Appeal your Long-Term ERISA Disability Denial-The 5 Steps Insurance Companies Hope You Don't Know
Your employer’s insurance company (UNUM, Aetna, Hartford, Standard, Prudential, etc.) denied your claim for long-term disability benefits. Now what?' Assuming you are not represented by an attorney, if this is your first denial for long-term disability benefits, here's what you need to do now.
Call for back up.Obtain knowledgeable and experienced legal assistance. ERISA long-term disability cases are complex and will possibly end up with you in federal court. Most attorneys who handle these claims will do so on a contingency fee basis. Find one. You have enough to worry about with your physical and/or mental limitations. Let this burden be your attorney's. Listen to his or her advice; it will be invaluable compared to you trying to go this alone. Because your claim may end up in federal court, I do not suggest using a paralegal, friend or relative to represent you. If you want it done right, hire the person who went to law school to provide you with the legal services you deserve.
Put it in writing.If you're sitting there with a denial notice in your hand, you probably now realize that the claims representative you have been speaking to for the insurance company, is not your best friend. The claims representative is loyal to the insurance company, not you. All communication should be professional, polite and preferably in writing by certified mail. This will be crucial proof if your case needs to proceed to federal court.
Know your case.Obtain all your relevant information. Again, the insurance company is not your friend. Has it provided you with a complete copy of your plan? Do you know whether you have been under surveillance? Do you know what the insurance company's doctors have said about your and your impairments. Hint: if you've been denied, the insurance company's doctors are probably reporting that you are faking your impairments or otherwise not credible. Has your doctor submitted all the necessary documentation?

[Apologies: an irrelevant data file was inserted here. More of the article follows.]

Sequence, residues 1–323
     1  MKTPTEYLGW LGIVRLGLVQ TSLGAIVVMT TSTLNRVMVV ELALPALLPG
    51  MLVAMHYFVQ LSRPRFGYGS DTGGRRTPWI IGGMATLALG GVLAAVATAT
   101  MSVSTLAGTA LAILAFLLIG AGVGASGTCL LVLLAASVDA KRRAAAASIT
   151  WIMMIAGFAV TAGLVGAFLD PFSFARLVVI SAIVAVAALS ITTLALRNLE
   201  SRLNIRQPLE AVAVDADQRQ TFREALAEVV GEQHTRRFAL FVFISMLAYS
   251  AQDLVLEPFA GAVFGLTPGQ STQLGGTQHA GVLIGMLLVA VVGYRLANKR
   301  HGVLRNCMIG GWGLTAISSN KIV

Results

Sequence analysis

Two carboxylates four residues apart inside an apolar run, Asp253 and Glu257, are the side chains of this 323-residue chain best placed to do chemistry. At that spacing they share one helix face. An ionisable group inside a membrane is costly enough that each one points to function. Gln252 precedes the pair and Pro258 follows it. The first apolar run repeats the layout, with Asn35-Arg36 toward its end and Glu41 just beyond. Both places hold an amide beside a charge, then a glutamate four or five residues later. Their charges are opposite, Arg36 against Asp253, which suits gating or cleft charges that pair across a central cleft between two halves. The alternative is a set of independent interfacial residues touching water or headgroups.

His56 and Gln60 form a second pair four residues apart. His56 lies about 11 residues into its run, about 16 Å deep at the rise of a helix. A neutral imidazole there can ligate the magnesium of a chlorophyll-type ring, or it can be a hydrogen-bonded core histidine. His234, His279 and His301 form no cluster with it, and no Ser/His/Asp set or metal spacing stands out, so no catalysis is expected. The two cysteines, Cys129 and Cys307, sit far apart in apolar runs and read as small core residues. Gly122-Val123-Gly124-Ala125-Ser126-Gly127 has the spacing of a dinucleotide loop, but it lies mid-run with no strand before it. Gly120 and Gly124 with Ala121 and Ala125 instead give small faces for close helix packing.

Did you request your file?
If you are unsure or cannot answer these questions, you are already at a disadvantage. See Step #1.
Appeal now.File the appeal. Many courts require you, the former employee, to jump through hoops before you can appeal your case to a federal court. It is referred to as "exhausting your administrative remedies"; and with the amount of paperwork you and doctors must complete, it can truly be exhausting. Your first appeal must go through the same insurance company or plan administrator who denied you, and you must adhere to the deadlines set to appeal your claim. Note that the deadline to file your case in federal court largely depends on your state law regarding the statute of limitations.
Sue them.Your disability benefits may be your only avenue for putting food on your table or a roof over your family's head. The insurance company cares about its profits, not about you. Assuming your case has merit, sue them. You may have several years to file a federal court action against the insurance company and/or your employer, so don't assume all is lost once you have exhausted your administrative remedies. This is the time you tell the insurance company that you will see them in court. Just remember, miss a deadline and you could ruin your appeal.